“Dead”, said my table-mate.
I paused. Homeless people use pseudonyms a lot. When the one thing in the world which you have left is your identity, you guard it. Jealously; and with everything you have left - which most of the time, is little enough.
‘Soup Bone’ was a fellow with a long black beard and a blanket; you’d see him wandering downtown Portland, Oregon, looking through garbage cans and muttering to himself. At one point he had, by most accounts, led a productive life. He’d been ‘downsized’ (that’s a sanitized term for ‘fired from his job as a construction worker’) some years earlier during the last recession, or so the story went. As with real names, personal information is sketchy, hard to come by, and harder to verify.
“Froze to death during the big storm last Christmas. Cops found him a few days before New Years.”
While a lot of people were celebrating Christmas, ‘Soup Bone’ was acting out the last chapter of his life – in the cosmic game, some people drew cards which said, “You get to stay with friends and family this year, eat turkey, open presents, and wonder what to do over New Years”, while ‘Soup Bone’ drew a card which said, “You get to freeze to death when the temps hover near zero in a back-alley in Portland, Oregon.”
A word of background is probably in order.
Over Thanksgiving, as I’ve done nearly every year, I volunteer at an outdoor soup-kitchen. The regulars, members of several local charities, erect a big tent in one of downtown’s parks, then set up a kitchen inside it. There’s a dining area, and those of us who volunteer do our best to keep a smile on our faces and treat all-comers as if they’ve chosen to dine with us that day out of choice; as if they were in any of downtown’s restaurants.
The only things missing are fine china, a menu, individual tables – and a bill.
There are those of us who have been volunteering for years. Us yearly-volunteers have gotten to know some of the people who frequent the kitchen on holidays – as opposed to the full-time charity workers, who know these people up-close-and-personal, we only see them once a year.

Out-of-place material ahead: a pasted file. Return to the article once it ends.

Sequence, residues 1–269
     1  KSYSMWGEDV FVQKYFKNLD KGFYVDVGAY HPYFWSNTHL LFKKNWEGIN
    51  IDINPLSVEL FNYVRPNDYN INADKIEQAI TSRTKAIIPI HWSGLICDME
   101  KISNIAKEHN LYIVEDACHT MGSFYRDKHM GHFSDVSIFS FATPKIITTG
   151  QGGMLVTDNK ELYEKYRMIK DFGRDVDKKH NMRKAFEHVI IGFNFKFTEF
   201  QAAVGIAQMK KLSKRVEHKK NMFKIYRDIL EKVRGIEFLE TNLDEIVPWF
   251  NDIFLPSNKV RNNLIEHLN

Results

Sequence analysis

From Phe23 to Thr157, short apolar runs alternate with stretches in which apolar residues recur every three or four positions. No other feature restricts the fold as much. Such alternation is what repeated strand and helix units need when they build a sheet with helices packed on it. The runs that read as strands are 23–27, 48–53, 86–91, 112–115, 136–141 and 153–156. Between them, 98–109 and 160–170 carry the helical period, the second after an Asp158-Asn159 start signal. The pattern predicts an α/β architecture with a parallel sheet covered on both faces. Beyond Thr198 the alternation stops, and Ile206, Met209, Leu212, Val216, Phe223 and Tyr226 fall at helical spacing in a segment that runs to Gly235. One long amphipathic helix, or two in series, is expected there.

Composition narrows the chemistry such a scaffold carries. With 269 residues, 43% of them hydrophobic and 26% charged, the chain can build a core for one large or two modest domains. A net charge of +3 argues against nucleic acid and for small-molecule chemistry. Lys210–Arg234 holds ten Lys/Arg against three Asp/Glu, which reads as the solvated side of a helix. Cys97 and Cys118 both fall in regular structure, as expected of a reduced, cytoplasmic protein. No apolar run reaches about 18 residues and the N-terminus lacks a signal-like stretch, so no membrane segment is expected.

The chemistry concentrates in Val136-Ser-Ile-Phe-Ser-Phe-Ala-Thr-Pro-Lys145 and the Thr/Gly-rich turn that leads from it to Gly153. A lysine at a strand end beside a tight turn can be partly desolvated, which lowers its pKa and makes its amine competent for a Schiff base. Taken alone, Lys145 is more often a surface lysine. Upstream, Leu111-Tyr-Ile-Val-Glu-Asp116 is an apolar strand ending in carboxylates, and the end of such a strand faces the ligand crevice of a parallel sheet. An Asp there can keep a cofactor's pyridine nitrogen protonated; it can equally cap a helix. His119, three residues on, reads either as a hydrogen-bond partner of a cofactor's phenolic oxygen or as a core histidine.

Some are memorable. “Soup Bone” was one of these. He’d been coming for several years, and was usually one of the first in line. We’re not supposed to, but we’d usually find a way to save him an extra plate.
“Seconds” aren’t permitted, you see – we’re usually out of food long before we’re out of customers.
There were people I’d seen for years – and a lot of new faces.
One woman and her husband; obviously new to the business of homelessness, huddled together. She did nothing but cry and eat; cry and eat. He sat there, stoically; in between bites of turkey and dressing and cranberry-sauce.
We see the news-stories of people who’ve gone from homeless to successful, but those stories are few and far between - and are the product of a feelgood-media, intent upon preventing us from knowing the Real Story. The reality of homelessness is that depression, loneliness and PTSD are all common among the homeless; usually, the circumstances which caused their fall from financial security are swift, merciless and difficult; the result leaves them looking shell-shocked.
The lucky ones make it out. Most wind up, sooner or later, like Soup Bone.
(The nonsense which has passed for domestic economic policy over thirty years is largely responsible for this catastrophe. With an 'official' aggregate unemployment rate of 17% - closer to 25% if every person in a tent-city is counted - and one in ten homes in foreclosure with one home in four ‘underwater’, we’re on track as a nation toward a proto-feudalism; with most homes owned by banks and rented to people for what they’ll fetch.
On occasion, I've seen homeless people who've chosen the lifestyle, but they're few and far between. If you want to see the face of the New Homeless in America – you need only look as far as a mirror. Homelessness is the fastest-increasing economic condition in the United States.)